The priv­i­leg­ing of one type of mar­riage over another con­tin­ues to cause great pain. When Jews come back to the rab­bis who bar or bat mitz­va­hed them re­quest­ing wed­ding of­fi­ci­a­tion and are turned away be­cause of their non-Jewish part­ner, no mat­ter how kindly the re­jec­tion, it makes a state­ment on be­half of the Jewish com­mu­nity: the de­sire to marry this per­son is wrong and the Jewish spouse is less de­serv­ing be­cause of it.

I’m told that the re­cent in­creased push­back against their anti-in­ter­mar­riage stance is leav­ing some rab­bis feel­ing “be­sieged,” as if it is they who are

the marginal­ized pop­u­la­tion, and not the ones do­ing the marginal­iz­ing. Rab­bis are still the voices of power in the Jewish com­mu­nity, and they should try to bet­ter un­der­stand what the push­back is about. On this sub­ject, the laity is out ahead of much of the rab­binate morally.

Still, I see an emerg­ing recog­ni­tion from some of our com­mu­nity’s most in­no­va­tive thinkers that “strength­en­ing Jewish iden­tity” is an out­moded ap­proach. It pre­sumes an in­her­ent Jewish­ness by birth and blood. In­stead, plac­ing the fo­cus on how Ju­daism works to make peo­ple’s lives bet­ter or to make the world a bet­ter place may be both a more ef­fec­tive and more eth­i­cal ap­proach. Rather than try­ing to po­lice Jewish be­hav­ior, in­clud­ing mar­riage de­ci­sions, we should be fo­cus­ing on how Ju­daism can pro­vide mean­ing and open doors at any point peo­ple might en­counter it, and for any­one who might ben­e­fit — in­clud­ing non-Jewish fam­ily mem­bers.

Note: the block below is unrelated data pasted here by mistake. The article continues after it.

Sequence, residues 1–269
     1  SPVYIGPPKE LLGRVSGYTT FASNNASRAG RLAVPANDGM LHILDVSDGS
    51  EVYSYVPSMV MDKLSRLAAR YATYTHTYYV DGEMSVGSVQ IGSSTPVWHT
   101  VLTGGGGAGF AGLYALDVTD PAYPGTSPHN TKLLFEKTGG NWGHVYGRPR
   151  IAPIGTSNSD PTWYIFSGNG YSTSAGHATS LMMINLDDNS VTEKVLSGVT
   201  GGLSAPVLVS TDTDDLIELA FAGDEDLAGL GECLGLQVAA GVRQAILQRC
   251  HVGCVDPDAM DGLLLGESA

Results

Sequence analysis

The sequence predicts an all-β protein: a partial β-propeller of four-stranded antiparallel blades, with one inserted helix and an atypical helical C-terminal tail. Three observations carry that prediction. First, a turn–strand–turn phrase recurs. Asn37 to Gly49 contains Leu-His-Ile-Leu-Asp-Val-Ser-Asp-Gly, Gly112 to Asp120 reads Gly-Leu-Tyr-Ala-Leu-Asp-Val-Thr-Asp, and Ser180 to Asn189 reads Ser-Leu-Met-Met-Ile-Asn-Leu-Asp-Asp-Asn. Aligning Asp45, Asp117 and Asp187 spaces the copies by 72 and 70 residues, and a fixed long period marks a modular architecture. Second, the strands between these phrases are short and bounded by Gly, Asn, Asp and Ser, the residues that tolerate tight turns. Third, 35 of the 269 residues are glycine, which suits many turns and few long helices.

I’m one of the few in­ter­mar­ried ex­ec­u­tive direc­tors of a Jewish or­ga­ni­za­tion. My board pres­i­dent at the So­ci­ety for Hu­man­is­tic Ju­daism is Jewish through his adop­tion of Hu­man­is­tic Ju­daism, and Hu­man­is­tic Ju­daism’s adopt­ing him into our com­mu­nity and fam­ily. He is as Jewish and Jewishly knowl­edge­able as any lay leader I’ve met in my two decades of Jewish com­mu­nal ser­vice—and more im­por­tantly, he’s a men­sch. That he would not be ac­cepted as Jewish by the other de­nom­i­na­tions is, as I see it, their loss.

Like­wise my chil­dren are not ac­cepted as Jewish by the Or­tho­dox and Con­ser­va­tive branches of Ju­daism. They will in­evitably have to en­dure hurt­ful jabs like, “funny, you don’t look Jewish” or worse, that have turned away so many Jews of color and mixed-race/mixed-eth­nic­ity chil­dren of in­ter­mar­riage.

Un­less there is a ma­jor ini­tia­tive be­gun for en­gag­ing with and coun­ter­ing the xeno­pho­bia within our own com­mu­nity, most of the Jews lead­ing the fight for a more di­verse and in­clu­sive fu­ture won’t be do­ing it within or on be­half of the or­ga­nized Jewish com­mu­nity. And that would be a shame.


The priv­i­leg­ing of one type of mar­riage over another con­tin­ues to cause great pain.